New Jersey’s Law Against Discrimination (LAD) protects employees against discrimination and harassment in the workplace when the discrimination or harassment is based on protected characteristics. Included under this provision is very broad protection against sexual harassment. In fact, the New Jersey LAD’s protections even apply in some situations where an employer did not intend to harass an employee or the employee was not the target of the conduct that gave rise to the sexual harassment claim.
There are two main types of sexual harassment. The first, which is known as quid pro quo sexual harassment, occurs when an employer or a supervisor demands, requests, or implies that an employee must engage in sexual activity in order to receive an employment benefit. For instance, if a manager tells one of his employees that the employee must engage in a sexual act in order to receive a promotion or to avoid termination, then the manager has likely committed quid pro quo sexual harassment.
The second type of sexual harassment is known as hostile work environment sexual harassment. Hostile work environment sexual harassment occurs when an employee is subjected to unwelcome or offensive conduct that is based on the employee’s gender. This includes conduct that is substantially sexual in nature, sexually abusive conduct, or offensive conduct with sexual overtones or connotations. Although physical conduct can constitute hostile work environment sexual harassment, physical conduct is not necessary to support this type of sexual harassment claim. Furthermore, the conduct does not need to be sexually explicit in nature. For instance, continued derogatory remarks made against members of a certain gender can be enough to create a situation of hostile work environment sexual harassment.
In order to prove a claim of sexual harassment under the New Jersey LAD, an employee must establish several elements. First, the employee must prove that the conduct actually occurred. This can be done through witness testimony and other evidence. Next, the employee must convince a jury that the conduct actually constituted either quid pro quo or hostile work environment sexual harassment. This element does not require proof that the employee bringing forth the claim was the specific target of the conduct in question. Finally, the employee must explain to the jury why the employer should be held responsible for the alleged conduct. The employee is not required to prove that his or her employer actually intended to harass the employee. Simply proving that harassment occurred, even without establishing intent, is sufficient.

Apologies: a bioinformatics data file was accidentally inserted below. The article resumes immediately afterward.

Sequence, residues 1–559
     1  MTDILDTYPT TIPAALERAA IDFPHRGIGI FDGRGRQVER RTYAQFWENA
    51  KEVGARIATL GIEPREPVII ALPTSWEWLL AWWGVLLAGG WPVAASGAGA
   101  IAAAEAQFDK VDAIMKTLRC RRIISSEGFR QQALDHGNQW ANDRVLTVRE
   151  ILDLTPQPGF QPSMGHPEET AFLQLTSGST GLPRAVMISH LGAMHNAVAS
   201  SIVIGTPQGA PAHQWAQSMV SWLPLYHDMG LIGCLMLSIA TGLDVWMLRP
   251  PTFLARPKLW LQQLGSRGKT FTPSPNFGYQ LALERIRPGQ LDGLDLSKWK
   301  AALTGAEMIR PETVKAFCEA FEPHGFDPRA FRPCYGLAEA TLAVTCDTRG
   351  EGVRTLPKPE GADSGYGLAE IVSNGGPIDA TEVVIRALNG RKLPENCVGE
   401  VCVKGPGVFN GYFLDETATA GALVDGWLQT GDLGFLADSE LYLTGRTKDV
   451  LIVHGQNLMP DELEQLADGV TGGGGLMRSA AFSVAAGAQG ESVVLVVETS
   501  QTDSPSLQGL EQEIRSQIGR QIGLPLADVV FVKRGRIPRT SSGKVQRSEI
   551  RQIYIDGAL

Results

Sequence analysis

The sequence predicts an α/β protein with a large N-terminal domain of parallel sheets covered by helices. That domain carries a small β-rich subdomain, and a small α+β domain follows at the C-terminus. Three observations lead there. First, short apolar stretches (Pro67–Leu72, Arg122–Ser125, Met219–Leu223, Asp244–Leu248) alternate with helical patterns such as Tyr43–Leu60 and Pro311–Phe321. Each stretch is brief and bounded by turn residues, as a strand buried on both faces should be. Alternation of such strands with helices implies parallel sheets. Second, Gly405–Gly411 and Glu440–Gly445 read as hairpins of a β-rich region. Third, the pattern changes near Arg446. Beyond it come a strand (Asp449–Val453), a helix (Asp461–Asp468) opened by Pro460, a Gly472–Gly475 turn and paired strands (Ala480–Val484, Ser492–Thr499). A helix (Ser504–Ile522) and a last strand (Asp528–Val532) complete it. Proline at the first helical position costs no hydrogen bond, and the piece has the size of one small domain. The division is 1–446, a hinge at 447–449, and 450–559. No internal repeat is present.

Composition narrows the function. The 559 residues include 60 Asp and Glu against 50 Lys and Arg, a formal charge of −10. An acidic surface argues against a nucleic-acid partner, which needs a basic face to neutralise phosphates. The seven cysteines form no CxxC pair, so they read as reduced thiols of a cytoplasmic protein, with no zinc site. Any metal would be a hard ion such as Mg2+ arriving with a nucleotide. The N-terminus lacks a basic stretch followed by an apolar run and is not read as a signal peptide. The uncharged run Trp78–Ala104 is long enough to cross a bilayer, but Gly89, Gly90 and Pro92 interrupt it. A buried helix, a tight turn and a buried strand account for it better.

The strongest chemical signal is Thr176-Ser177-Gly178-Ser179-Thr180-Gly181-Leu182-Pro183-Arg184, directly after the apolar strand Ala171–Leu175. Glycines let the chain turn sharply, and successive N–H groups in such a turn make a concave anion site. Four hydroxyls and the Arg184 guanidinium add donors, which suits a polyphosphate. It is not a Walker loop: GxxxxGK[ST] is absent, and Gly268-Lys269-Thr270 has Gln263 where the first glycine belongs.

An employee who successfully establishes all the elements of a sexual harassment claim may be entitled to a number of different remedies. Remedies available for a sexual harassment claim filed under the New Jersey LAD include monetary damages for lost wages, attorneys’ fees, and, in some situations, punitive damages. Although it is not necessary for an employee to show actual harm in order to bring a successful sexual harassment claim, the amount of harm caused by the harassment is often used to determine the amount the employee can recover in damages.
Courts take claims of sexual harassment very seriously because of the incredible pain and emotional distress that sexual harassment can cause. Workers who are victims of sexual harassment have rights that the legal system recognizes and respects. Due to the emotional nature of a sexual harassment claim, however, it is important for sexual harassment victims to receive the legal support necessary in order to properly exercise their rights. If you have been or think you have been subjected to unlawful sexual harassment, an experienced employment attorney can assist you in evaluating your situation and protecting your rights. With the help of a lawyer who will diligently fight for you, you can use the law to file a sexual harassment claim and secure the justice that you deserve.